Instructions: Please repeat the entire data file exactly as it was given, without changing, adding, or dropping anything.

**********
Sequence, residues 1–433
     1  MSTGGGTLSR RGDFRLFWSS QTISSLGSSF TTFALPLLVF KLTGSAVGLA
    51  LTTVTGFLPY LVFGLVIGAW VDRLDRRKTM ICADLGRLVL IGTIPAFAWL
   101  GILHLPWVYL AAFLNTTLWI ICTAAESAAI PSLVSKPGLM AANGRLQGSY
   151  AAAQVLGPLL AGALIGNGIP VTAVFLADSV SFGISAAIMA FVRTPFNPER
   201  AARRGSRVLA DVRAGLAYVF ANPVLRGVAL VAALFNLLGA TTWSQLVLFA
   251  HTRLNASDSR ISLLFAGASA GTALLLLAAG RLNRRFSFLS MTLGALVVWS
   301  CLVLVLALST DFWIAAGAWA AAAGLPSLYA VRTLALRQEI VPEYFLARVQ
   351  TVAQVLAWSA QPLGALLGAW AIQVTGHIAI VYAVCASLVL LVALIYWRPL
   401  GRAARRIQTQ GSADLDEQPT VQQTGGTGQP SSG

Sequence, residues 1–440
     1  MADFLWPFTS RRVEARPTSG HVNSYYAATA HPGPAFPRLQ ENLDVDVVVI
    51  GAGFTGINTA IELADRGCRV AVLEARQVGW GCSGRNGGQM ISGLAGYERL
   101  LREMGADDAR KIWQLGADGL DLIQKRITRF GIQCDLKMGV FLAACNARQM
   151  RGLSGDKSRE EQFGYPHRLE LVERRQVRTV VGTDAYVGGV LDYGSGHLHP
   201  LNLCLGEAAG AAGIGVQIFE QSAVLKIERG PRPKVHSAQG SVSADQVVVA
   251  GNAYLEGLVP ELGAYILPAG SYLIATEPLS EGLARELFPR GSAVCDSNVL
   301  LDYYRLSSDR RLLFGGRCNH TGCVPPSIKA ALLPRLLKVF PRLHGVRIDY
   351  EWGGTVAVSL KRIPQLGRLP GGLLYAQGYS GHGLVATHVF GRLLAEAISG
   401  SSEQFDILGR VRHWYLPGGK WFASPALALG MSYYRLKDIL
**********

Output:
Sequence, residues 1–433
     1  MSTGGGTLSR RGDFRLFWSS QTISSLGSSF TTFALPLLVF KLTGSAVGLA
    51  LTTVTGFLPY LVFGLVIGAW VDRLDRRKTM ICADLGRLVL IGTIPAFAWL
   101  GILHLPWVYL AAFLNTTLWI ICTAAESAAI PSLVSKPGLM AANGRLQGSY
   151  AAAQVLGPLL AGALIGNGIP VTAVFLADSV SFGISAAIMA FVRTPFNPER
   201  AARRGSRVLA DVRAGLAYVF ANPVLRGVAL VAALFNLLGA TTWSQLVLFA
   251  HTRLNASDSR ISLLFAGASA GTALLLLAAG RLNRRFSFLS MTLGALVVWS
   301  CLVLVLALST DFWIAAGAWA AAAGLPSLYA VRTLALRQEI VPEYFLARVQ
   351  TVAQVLAWSA QPLGALLGAW AIQVTGHIAI VYAVCASLVL LVALIYWRPL
   401  GRAARRIQTQ GSADLDEQPT VQQTGGTGQP SSG

Sequence, residues 1–440
     1  MADFLWPFTS RRVEARPTSG HVNSYYAATA HPGPAFPRLQ ENLDVDVVVI
    51  GAGFTGINTA IELADRGCRV AVLEARQVGW GCSGRNGGQM ISGLAGYERL
   101  LREMGADDAR KIWQLGADGL DLIQKRITRF GIQCDLKMGV FLAACNARQM
   151  RGLSGDKSRE EQFGYPHRLE LVERRQVRTV VGTDAYVGGV LDYGSGHLHP
   201  LNLCLGEAAG AAGIGVQIFE QSAVLKIERG PRPKVHSAQG SVSADQVVVA
   251  GNAYLEGLVP ELGAYILPAG SYLIATEPLS EGLARELFPR GSAVCDSNVL
   301  LDYYRLSSDR RLLFGGRCNH TGCVPPSIKA ALLPRLLKVF PRLHGVRIDY
   351  EWGGTVAVSL KRIPQLGRLP GGLLYAQGYS GHGLVATHVF GRLLAEAISG
   401  SSEQFDILGR VRHWYLPGGK WFASPALALG MSYYRLKDIL